When it does work out, it takes time—lots of time: years to write, years to establish a readership, and often years to catch a lucky break. Success tends to come late for authors. If you don’t believe me, go turn on Netflix and watch its recent hits Bridgerton and The Queen’s Gambit, based on decades-old novels by Julia Quinn and the late Walter Tevis, respectively.

Let’s say an author doesn’t ever succeed and spends their life crying over their MacBook. Well, so what? Why shouldn’t they still control their creations? This is what copyright is really about: who gets control. It’s a question that goes beyond money. 

Link to the rest at Publishers Weekly

PG doesn’t agree with everything in the OP.

However, for argument’s sake, he didn’t see anything anything in the OP that justified copyright extending for 50-70 or more years after the author dies.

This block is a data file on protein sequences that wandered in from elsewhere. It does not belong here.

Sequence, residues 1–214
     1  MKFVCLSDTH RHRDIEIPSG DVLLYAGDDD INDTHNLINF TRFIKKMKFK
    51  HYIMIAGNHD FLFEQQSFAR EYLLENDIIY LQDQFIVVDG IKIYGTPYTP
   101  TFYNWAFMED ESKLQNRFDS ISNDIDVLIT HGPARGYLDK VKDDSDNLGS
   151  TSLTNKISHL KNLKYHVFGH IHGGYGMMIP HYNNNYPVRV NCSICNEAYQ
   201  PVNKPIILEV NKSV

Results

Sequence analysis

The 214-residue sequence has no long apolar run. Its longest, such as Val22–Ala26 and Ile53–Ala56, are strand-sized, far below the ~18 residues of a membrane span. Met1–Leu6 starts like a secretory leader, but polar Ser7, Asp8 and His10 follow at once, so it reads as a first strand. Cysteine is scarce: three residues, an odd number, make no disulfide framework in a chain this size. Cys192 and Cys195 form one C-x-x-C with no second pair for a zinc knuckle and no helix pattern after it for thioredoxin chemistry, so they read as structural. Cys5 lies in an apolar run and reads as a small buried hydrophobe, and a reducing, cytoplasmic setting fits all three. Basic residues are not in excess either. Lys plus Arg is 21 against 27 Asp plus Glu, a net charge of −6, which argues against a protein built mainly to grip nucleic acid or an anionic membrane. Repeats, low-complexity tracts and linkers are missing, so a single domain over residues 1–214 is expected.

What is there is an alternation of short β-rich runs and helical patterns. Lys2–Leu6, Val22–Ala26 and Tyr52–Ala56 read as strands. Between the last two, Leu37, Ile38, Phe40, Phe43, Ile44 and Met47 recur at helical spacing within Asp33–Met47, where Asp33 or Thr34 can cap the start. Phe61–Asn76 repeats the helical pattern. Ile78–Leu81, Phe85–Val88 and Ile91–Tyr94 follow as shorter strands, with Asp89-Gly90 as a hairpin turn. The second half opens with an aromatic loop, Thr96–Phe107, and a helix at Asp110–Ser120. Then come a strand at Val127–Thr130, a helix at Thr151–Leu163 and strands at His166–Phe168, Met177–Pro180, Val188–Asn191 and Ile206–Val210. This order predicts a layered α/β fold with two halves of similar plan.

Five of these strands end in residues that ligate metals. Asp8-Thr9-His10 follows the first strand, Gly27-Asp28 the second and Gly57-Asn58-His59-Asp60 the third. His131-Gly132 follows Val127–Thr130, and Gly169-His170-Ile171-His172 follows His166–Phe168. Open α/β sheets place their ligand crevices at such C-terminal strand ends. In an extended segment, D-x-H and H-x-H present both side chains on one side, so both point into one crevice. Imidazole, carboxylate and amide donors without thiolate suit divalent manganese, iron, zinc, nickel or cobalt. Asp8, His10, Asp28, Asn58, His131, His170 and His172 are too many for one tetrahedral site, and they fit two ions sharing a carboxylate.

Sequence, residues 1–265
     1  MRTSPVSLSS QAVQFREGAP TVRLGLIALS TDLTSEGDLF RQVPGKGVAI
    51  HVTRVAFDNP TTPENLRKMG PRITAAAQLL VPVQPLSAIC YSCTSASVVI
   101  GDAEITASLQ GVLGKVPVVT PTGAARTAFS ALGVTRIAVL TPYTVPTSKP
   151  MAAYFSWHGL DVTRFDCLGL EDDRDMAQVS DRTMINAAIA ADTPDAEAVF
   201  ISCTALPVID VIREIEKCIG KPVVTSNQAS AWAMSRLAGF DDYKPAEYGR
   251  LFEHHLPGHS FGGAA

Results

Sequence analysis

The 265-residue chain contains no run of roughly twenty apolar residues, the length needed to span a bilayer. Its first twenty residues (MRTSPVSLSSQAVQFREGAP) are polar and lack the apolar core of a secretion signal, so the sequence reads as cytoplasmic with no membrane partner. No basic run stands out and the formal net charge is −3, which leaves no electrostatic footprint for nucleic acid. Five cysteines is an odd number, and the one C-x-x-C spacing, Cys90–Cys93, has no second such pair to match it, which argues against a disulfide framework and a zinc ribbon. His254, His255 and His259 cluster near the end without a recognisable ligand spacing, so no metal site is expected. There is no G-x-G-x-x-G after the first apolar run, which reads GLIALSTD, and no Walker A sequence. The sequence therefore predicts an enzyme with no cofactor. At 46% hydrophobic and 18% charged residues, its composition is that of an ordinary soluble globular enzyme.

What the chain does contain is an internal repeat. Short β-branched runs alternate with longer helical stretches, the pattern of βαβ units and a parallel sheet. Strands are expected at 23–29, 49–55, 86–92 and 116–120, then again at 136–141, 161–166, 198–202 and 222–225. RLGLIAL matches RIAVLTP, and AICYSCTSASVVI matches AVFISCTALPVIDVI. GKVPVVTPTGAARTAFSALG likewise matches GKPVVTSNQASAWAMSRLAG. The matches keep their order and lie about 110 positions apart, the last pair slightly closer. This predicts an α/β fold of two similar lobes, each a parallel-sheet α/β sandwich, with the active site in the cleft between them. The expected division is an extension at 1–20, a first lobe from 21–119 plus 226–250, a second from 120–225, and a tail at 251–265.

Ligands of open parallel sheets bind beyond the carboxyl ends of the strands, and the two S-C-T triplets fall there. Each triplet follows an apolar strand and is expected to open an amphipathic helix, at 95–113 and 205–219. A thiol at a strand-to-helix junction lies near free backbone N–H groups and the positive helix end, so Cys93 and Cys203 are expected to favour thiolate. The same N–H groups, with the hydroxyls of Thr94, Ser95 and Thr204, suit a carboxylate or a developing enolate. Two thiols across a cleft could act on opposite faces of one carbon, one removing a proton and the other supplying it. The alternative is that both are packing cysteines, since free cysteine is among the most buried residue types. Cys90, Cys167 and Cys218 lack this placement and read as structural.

As a refresher for visitors from the US, in this country copyright is based upon what is generally referred to as the Patent and Copyright Clause of the US Constitution:

[The Congress shall have power] “To promote the progress of science and useful arts, by securing for limited times to authors and inventors the exclusive right to their respective writings and discoveries.”

Article I Section 8 | Clause 8

PG notes the “limited times” language in the clause.

Yes, 2,000 years is a “limited time” in that it is less than 10,000 years, but PG suggests that’s not what the authors of the language were thinking about.

In 1790, the First Congress, which included more than a few of those who had approved the Constitution, passed The Copyright Act of 1790, An Act for the Encouragement of Learning, by Securing the Copies of Maps, Charts, and Books to the Authors and Proprietors of Such Copies.

The Copyright Act of 1790 granted American authors the right to print, re-print, or publish their work for a period of 14 years and to renew for another fourteen. 

Major revisions of the act were passed in in 1831, 1870, 1909, and 1976.

The 1976 revision was the first time that the life of the author became a method of measuring the length of the copyright term. The 1909 revision’s term was of protection to 28 years with a possible renewal of 28 more years.